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Walter White's Tighty-Whities From Breaking Bad Sold For A Ridiculous Amount

It's been a rough couple of years, economically speaking, and we've all half-jokingly talked about selling our used underwear on the internet. The problem, of course, is supply and demand — there's simply too much used underwear out there already, and no matter how special we think we are, there's nothing to set your boxers apart from, say, the ones being sold by that neighbor who keeps undercutting your pricing structure to run you out of business.

Then again, you (statistically speaking, probably) are not Bryan Cranston, the seemingly unstoppable Hollywood juggernaut whose surprise transition into dramatic acting in the late 2000s had a whole generation of AMC viewers glued to their futons for five consecutive seasons. Anyone who watched the first episode of "Breaking Bad" will remember that Cranston's Walter White, the mild-mannered high school teacher with a stressful night job, started out the series with an iconic look: a dress shirt, a pair of glasses, boots with socks, and a pair of his finest going out tighty-whities.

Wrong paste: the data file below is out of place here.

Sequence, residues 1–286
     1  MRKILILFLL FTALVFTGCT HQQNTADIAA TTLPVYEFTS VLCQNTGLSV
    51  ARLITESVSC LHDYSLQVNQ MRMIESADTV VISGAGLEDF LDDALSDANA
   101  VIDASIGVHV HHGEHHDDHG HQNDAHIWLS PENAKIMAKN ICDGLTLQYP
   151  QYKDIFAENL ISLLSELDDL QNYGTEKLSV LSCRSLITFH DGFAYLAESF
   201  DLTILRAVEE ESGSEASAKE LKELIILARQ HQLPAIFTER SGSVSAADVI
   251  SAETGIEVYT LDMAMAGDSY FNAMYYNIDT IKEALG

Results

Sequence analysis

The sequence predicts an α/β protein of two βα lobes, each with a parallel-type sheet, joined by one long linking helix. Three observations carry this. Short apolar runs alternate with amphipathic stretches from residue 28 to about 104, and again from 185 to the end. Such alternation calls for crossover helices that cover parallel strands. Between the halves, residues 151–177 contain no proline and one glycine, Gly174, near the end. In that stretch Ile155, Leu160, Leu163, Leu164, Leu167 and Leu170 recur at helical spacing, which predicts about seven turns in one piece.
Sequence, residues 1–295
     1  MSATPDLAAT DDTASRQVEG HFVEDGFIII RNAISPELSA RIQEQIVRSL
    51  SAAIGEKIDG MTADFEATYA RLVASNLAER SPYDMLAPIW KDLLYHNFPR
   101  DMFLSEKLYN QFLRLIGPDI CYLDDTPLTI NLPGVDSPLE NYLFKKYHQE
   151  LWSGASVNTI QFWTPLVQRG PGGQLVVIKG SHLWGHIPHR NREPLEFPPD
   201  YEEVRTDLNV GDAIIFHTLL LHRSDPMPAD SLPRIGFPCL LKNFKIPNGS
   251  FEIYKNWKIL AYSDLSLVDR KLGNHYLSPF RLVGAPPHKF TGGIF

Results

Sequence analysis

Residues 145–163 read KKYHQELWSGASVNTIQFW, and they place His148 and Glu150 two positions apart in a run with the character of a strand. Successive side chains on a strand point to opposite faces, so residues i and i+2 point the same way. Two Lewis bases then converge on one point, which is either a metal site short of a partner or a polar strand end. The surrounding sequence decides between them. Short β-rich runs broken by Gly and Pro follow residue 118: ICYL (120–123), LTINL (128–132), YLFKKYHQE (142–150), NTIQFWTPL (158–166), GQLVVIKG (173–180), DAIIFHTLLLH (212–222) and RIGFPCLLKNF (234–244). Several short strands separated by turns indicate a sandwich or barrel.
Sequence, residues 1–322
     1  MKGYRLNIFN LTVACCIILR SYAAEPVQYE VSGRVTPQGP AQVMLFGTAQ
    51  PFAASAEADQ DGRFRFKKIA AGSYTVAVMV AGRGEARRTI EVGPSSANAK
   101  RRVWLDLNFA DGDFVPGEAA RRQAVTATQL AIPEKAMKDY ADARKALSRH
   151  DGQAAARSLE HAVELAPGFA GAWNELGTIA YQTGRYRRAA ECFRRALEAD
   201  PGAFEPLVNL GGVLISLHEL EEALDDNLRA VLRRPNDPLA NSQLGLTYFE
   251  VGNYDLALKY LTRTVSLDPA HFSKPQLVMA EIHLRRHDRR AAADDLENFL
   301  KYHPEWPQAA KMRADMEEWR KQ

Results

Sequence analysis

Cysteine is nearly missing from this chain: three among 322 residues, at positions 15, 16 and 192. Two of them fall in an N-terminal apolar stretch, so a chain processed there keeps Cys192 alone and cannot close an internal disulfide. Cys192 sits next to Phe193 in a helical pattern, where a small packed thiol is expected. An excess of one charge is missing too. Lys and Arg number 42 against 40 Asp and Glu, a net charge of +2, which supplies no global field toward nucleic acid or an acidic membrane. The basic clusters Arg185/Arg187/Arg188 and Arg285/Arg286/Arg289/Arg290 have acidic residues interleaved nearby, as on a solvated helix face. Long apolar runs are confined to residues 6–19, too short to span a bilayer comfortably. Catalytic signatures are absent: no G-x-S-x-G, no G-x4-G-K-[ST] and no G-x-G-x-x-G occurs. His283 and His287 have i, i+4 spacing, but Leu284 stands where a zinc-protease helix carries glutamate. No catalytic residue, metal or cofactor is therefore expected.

Now, thanks to a collector's market that would be best not to think about too much, those underpants have sold at auction. They cost, um, a lot. "Too much" is subjective, but empirically, for a pair of briefs that a middle-aged man wore in the New Mexico desert, they ... cost a lot.

Thank goodness it wasn't called Breaking Wind

The underpants in question, sold and authenticated by PropStore, went for a mind-boggling $32,500 on Monday, February 27, 2023, making them — by Action Network's estimates — the most expensive underwear ever sold, surpassing even Queen Victoria's drawers in value. Nobody tell Albert.

Wildly, the listing for the white briefs, which describes them as "cotton and polyester" and having "a white elastic waistband with blue and goldenrod details, though the elasticity is largely lost," also states that these particular unmentionables were "a set decoration 'closet' pair of White's underwear." The implication certainly seems to be that the underpants were never worn by Bryan Cranston in the series, begging the questions "would they be worth more or less if they'd actually had the Oscar-nominated actor's bottom in them?" and "how much more would they have sold for if the elasticity wasn't largely lost?"

Hypotheticals aside, this much can be said with some certainty: Somewhere, right this minute, a guy is explaining to his soon-to-be-ex-partner why the price of a Lexus is missing from their joint checking account, and why, when you think about it, this really was the best investment that he could have made after five or six beers.